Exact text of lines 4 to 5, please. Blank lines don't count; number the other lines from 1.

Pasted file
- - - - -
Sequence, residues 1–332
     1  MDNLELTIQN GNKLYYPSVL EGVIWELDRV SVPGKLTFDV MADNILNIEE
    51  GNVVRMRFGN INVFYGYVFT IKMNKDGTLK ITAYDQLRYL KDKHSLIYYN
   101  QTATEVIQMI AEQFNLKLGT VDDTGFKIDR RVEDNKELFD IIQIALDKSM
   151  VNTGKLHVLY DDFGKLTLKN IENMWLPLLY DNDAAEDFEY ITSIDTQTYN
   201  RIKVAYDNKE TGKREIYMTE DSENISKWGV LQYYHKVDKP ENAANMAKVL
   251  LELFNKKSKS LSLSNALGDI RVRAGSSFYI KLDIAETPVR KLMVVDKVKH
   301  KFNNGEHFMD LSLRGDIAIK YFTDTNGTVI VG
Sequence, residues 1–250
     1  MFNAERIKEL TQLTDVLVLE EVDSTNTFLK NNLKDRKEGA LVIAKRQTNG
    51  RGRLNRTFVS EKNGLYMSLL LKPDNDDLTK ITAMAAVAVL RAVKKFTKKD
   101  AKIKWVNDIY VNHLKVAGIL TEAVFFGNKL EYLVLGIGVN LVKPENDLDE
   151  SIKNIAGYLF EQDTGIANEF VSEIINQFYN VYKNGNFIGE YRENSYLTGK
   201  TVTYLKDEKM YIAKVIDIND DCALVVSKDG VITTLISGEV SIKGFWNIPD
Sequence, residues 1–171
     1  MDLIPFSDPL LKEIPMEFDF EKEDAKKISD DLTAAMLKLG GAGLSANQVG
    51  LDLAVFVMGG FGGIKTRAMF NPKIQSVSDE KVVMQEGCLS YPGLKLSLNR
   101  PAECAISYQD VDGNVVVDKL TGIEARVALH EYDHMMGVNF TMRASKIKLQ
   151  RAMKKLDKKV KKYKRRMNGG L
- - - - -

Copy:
   101  QTATEVIQMI AEQFNLKLGT VDDTGFKIDR RVEDNKELFD IIQIALDKSM
   151  VNTGKLHVLY DDFGKLTLKN IENMWLPLLY DNDAAEDFEY ITSIDTQTYN